12. ronnie_the_lizard

    ronnie_the_lizard Active Member

    HBB - you don't need basses for the Lorriman arrangement - you just need a big set of bellows.

    Nothing particularly technically demanding in the bass parts but LOUD

    I have to say that, unfortunately, from what I have heard so far comparisons with the wonderful portrayal of the modern band repertoire in "Brassed Off" are not too far fetched.
  13. ScrapingtheBottom

    ScrapingtheBottom Active Member

    I'd have to agree! Rienzi is a superb piece of music as is the William Tell overture both written by two of my favourite composers, however they are a just a big blow for a top section band. I think we will hear a lot of good performances at the regionals and the adjudictors are going to have to earn their money.
  14. brass journo

    brass journo Member

    Rienzi warning

    Just a word of advice to any bands buying Rienzi.

    Make sure you check your music before you stamp it! In many sets two of the solo cornets are missing the last page of the piece! Whilst it makes for a nice rest for us cornet players, it's not going to do your chances at the Area much good!

    Just remember to check your parts (so to speak!!!) ;)
  15. ronnie_the_lizard

    ronnie_the_lizard Active Member

    Or alternatively (and perhaps somewhat cynically) you could view the opposite approach like saying "Lets give 'em this piece and they'll have to buy in a second soprano player to have a chance of winning......" ;)
  16. bassinthebathroom

    bassinthebathroom Active Member

    WHAT?!?!? Another testpiece with mistakes/omissions!?!?...... I fail to believe this! :p
  17. Mark Bousie

    Mark Bousie Member

    I have to say, in my own opinion (not my band's) this is a disappointing choice. Nothing against the piece, it is a great overture and an excellent colourful and powerful arrangement from Howard Lorriman (who, up until now, has been quite underrated as an arranger), but we have so much superb original music that is sat on the shelves getting dusty!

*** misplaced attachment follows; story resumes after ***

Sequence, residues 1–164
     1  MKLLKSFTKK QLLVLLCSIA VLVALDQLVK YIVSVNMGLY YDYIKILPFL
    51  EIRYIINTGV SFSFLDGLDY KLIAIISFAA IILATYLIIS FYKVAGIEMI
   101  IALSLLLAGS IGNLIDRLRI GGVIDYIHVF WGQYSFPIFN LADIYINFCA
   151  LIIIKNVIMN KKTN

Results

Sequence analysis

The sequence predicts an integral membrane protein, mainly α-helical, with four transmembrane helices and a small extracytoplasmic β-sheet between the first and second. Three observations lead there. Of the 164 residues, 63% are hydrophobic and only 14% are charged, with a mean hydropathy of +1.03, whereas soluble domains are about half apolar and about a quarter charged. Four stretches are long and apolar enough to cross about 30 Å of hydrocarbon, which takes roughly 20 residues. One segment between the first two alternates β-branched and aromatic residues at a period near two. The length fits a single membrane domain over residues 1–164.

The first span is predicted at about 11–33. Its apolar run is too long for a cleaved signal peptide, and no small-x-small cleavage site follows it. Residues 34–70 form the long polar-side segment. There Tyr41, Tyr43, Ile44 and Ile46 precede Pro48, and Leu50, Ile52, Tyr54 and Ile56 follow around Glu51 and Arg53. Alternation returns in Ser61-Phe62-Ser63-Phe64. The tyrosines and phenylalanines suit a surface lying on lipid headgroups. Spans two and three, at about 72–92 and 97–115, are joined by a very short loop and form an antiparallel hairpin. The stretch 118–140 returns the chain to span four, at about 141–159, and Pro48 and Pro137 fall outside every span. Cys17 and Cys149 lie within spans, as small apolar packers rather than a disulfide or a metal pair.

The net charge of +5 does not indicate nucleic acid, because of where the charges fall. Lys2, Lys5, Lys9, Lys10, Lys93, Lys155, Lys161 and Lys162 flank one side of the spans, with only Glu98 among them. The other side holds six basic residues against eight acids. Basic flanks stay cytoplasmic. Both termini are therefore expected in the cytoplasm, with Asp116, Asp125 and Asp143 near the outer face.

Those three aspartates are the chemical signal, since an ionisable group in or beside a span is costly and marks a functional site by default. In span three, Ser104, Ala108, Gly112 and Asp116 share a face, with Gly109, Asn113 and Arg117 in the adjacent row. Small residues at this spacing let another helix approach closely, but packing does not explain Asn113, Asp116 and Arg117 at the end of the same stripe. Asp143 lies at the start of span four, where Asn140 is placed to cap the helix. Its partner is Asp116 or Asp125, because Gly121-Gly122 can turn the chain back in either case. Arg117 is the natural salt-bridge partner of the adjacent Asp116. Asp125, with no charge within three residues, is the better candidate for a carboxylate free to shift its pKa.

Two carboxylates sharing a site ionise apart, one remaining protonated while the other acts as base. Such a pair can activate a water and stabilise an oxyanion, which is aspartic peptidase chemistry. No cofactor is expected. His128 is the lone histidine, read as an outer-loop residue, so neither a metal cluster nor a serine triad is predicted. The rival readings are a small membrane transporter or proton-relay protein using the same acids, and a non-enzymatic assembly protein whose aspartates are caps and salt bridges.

I also think it may give the judges a few more problems than usual due to the lack of solo work, but the bands with quality sounds should still rise to the top (but there's quite a few of them in certain areas!).

    We shall see...
  18. ronnie_the_lizard

    ronnie_the_lizard Active Member

    Not just quality (& balanced) sounds - there are a lot of sections calling for very tight, clean, loud ensemble semiquavers - it is a good test of ensemble playing just not a lot you can do with it in terms of musical interpretation - even tempos are strictly marked - Allegro energico = 84bpm for most of it with a "poco piu vivace" clearly marked to be played at 88 - not much room for "artistic license", though I guess there will be a good few conductiors who try to take it a bit faster to get a bit of 'excitement' - and we all know where that leads........ give 'em some Beta Blockers Pleeeeeeease.......

    Overall - like William Tell - an excellent concert finisher, but a bit of a retrograde step for an area test? I guess it might at least choose for the best overall band, and not for the one with the most expensive corner-men (or the most soprano players ;-) ).
  19. brassneck

    brassneck Active Member

    ... I assume then that the final Molto piu stretto is marked minim=160 then? And by any weird coincidence is the introduction and theme (Molto sostenuto e maestoso) minim=66? Just curious.

    TIMBONE Active Member

    I have to make a point regarding percussion. I think it is very impractical to write percussion parts for more than two players, (composition competitions ask for no more than two percussion parts). As far as an orchestral transcription/arrangment goes, adapting to two percussionists is no different than adapting to no violins or piccolos etc. In my own music, both compositions and arrangments, I always provide two parts which cover everything. If I were to use an instrument which may not be available, I either instruct it to be played on another instrument, (eg Welsh harp to glock in Enchanted Wales), or if this wouldn't work, make sure that the part can be missing without being detrimental.